Had a post in mind today but something I read superceded everything else I was feeling and my perspective has changed, for the moment anyway. Perspectives have a way of changing on a dime, sometimes. It’s God’s way of reminding us what is really important. I could almost hear God saying, “Take that!” He threw the windows of my soul open and I could feel the stale air being replaced by the fresh air of His Spirit.
The story was called “Facing Death with Christ”, (On my way to Heaven) by Reverend Mark Ashton vicar of Saint Andrew the Great in Cambridge, England. As Author and friend Tal Brooke writes, “Mark was from the generation of Oxford men following that of John Stott and Dick Lucas, who were determined to bring back the gospel to the Church of England. Over 700 strong from Cambridge University swelled the pews of this church that occupied so critical a crossroads. It was packed everytime I went.”
In December 2008 Mark had a routine gallbladder surgery and cancer was found. It was past the point of surgical removal or any kind of treatment. He remembers telling the surgeon after he had been told the news that, “what he had just told me was, for a Christian believer, not bad news but good; it was not the end of the story, but the beginning.”
Following are some of the quotes from the article, which is very long and unfortunately I couldn’t get an online version. However, you can order the booklet here at Amazon UK.
“We all die as great sinners saved by the great grace of a far greater God. Funeral eulogies rarely present an honest picture of a person’s life. The good is magnified, the bad excluded. But when Christians are remembered as they really were: including their failures and follies, their bad moods and intolerance, their moments of harshness and unkindness, then Christ is made more glorious. For He is the one who has saved us despite our sin; who has loved us even more in their weakness.”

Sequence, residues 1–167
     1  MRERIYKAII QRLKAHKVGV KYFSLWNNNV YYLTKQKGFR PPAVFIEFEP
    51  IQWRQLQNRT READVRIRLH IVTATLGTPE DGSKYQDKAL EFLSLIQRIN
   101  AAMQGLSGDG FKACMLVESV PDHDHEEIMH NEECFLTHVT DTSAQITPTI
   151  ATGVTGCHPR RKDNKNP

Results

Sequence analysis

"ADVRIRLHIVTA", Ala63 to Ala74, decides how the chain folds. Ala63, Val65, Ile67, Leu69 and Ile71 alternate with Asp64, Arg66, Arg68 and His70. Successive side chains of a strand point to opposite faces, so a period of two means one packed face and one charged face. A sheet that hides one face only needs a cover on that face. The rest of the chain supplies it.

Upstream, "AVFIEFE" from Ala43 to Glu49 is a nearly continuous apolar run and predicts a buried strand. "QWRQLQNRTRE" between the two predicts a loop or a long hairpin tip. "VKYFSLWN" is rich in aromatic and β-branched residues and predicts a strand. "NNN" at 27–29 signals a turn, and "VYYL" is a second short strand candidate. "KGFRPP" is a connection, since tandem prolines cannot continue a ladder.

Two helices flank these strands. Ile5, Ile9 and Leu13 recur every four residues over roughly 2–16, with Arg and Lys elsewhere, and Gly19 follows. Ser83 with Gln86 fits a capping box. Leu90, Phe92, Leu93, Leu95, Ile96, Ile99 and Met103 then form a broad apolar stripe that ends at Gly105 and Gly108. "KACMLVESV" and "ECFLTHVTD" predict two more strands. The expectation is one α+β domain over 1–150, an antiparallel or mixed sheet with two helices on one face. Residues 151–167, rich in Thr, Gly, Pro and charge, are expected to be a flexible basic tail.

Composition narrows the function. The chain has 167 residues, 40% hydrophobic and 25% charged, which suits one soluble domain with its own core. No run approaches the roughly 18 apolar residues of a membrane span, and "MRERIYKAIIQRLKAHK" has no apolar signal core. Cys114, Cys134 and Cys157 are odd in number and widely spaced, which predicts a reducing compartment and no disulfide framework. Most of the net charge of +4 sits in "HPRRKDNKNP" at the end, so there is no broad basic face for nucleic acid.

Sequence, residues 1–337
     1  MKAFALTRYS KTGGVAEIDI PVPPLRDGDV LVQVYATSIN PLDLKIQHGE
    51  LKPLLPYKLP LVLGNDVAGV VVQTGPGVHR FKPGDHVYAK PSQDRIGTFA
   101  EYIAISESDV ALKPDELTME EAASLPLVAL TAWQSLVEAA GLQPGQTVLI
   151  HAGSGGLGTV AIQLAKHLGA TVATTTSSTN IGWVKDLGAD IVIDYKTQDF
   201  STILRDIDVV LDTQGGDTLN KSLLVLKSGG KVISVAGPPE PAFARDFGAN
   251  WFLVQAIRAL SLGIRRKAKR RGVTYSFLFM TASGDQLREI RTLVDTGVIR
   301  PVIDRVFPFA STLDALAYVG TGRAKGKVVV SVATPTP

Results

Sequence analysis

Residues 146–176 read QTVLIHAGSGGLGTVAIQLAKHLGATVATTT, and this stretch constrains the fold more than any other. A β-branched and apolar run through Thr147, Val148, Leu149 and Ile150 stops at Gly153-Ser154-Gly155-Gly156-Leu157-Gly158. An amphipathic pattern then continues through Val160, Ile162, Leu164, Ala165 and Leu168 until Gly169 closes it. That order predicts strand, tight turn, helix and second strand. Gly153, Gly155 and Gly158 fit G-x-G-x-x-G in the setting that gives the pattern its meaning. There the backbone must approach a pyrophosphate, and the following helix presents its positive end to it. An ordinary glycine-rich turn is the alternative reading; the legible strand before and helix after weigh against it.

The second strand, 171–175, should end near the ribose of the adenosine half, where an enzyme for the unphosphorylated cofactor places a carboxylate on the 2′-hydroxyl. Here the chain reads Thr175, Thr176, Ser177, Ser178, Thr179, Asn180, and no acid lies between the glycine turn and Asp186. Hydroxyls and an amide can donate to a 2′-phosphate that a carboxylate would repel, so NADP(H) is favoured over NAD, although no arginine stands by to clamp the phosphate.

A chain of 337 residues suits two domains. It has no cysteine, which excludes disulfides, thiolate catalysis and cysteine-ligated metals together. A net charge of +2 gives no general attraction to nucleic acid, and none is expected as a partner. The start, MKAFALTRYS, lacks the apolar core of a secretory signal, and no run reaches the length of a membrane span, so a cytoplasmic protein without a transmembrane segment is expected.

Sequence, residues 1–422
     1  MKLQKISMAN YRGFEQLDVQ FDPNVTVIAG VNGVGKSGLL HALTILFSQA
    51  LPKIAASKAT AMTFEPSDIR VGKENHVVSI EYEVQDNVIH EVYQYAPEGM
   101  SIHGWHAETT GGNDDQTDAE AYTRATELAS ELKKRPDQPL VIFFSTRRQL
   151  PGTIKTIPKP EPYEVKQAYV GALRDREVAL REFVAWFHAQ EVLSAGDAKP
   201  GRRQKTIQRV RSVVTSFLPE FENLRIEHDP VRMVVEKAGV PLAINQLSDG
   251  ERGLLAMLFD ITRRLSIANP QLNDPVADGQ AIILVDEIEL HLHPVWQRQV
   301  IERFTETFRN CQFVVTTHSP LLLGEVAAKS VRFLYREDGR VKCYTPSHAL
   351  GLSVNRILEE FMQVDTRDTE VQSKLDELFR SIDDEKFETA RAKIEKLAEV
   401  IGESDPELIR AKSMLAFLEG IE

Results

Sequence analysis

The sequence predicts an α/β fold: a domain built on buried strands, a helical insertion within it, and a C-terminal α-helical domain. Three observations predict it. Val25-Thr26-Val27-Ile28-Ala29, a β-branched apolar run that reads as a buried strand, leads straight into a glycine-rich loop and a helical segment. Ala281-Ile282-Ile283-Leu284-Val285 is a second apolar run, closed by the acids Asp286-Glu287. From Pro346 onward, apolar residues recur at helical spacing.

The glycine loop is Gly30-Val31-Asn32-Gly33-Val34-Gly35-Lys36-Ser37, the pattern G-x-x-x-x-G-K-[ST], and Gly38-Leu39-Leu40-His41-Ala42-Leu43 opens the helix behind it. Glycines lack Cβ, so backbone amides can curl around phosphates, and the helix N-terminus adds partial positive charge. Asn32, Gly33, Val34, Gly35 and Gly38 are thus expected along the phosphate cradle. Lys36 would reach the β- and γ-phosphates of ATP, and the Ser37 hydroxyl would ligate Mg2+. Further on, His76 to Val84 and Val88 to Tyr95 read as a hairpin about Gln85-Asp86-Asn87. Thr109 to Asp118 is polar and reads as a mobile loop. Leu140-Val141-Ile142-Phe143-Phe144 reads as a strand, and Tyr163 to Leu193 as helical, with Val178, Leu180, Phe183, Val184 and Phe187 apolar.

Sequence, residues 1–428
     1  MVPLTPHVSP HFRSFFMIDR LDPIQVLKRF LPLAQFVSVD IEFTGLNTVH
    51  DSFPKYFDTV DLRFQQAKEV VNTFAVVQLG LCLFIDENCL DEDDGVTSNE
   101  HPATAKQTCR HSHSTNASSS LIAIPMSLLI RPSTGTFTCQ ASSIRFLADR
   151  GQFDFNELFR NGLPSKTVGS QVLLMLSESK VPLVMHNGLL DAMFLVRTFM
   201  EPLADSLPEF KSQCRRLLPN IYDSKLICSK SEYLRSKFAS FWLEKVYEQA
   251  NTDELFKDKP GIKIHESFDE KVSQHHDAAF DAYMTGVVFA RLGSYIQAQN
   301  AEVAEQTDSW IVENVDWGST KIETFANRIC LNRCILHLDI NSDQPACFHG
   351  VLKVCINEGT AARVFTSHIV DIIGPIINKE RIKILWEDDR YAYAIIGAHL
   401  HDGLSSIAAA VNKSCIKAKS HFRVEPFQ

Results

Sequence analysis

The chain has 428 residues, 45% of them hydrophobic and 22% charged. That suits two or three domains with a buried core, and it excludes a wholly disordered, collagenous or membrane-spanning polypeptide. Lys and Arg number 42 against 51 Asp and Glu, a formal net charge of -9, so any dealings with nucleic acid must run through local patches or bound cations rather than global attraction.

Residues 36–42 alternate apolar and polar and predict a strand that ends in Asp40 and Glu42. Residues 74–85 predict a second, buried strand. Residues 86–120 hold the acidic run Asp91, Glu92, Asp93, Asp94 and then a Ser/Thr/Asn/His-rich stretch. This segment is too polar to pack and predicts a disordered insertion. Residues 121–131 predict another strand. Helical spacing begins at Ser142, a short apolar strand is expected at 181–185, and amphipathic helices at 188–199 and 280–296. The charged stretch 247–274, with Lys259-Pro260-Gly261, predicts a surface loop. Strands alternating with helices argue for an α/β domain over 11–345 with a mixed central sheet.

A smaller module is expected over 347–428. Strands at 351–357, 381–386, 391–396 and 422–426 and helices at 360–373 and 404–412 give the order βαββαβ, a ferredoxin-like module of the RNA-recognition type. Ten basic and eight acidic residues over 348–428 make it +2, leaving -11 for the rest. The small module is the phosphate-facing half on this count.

“While physical things spoil and go dim, spiritual things grow brighter and clearer.”
“I can now see that much of what I have striven for and much of what I have allowed to fill my life these 40 years have been of dubious value, I am not now going to gain any further reputation of achieve anything more of significance, and I realize how little that matters.”
“I need to keep short accounts now, because I may never have time to make amends or apology in this life. The Bible speaks to me about this with every great authority and relevance. Each day as I open it, God speaks straight into my heart by his Word. And it tells me what lies beyond this life, I can see the end of life. It looms over the horizon…..I know that it is God’s work and not mine that will get me there.”
It’s unfortunate that it takes something of this magnitude to make our perspective so clear, but most of the time it does.
Mark Ashton went to be with the Lord on Easter Saturday, April 3, surrounded by his family. His last words were, “I am nearly home.”
“For if the dead are not raised, then Christ has not been raised either. And if Christ has not been raised, your faith is futile; you are still in your sins. Then those also who have fallen asleep in Christ are lost. If only for this life we have hope in Christ, we are to be pitied more than all men.” 1 Corinthians 15:16-19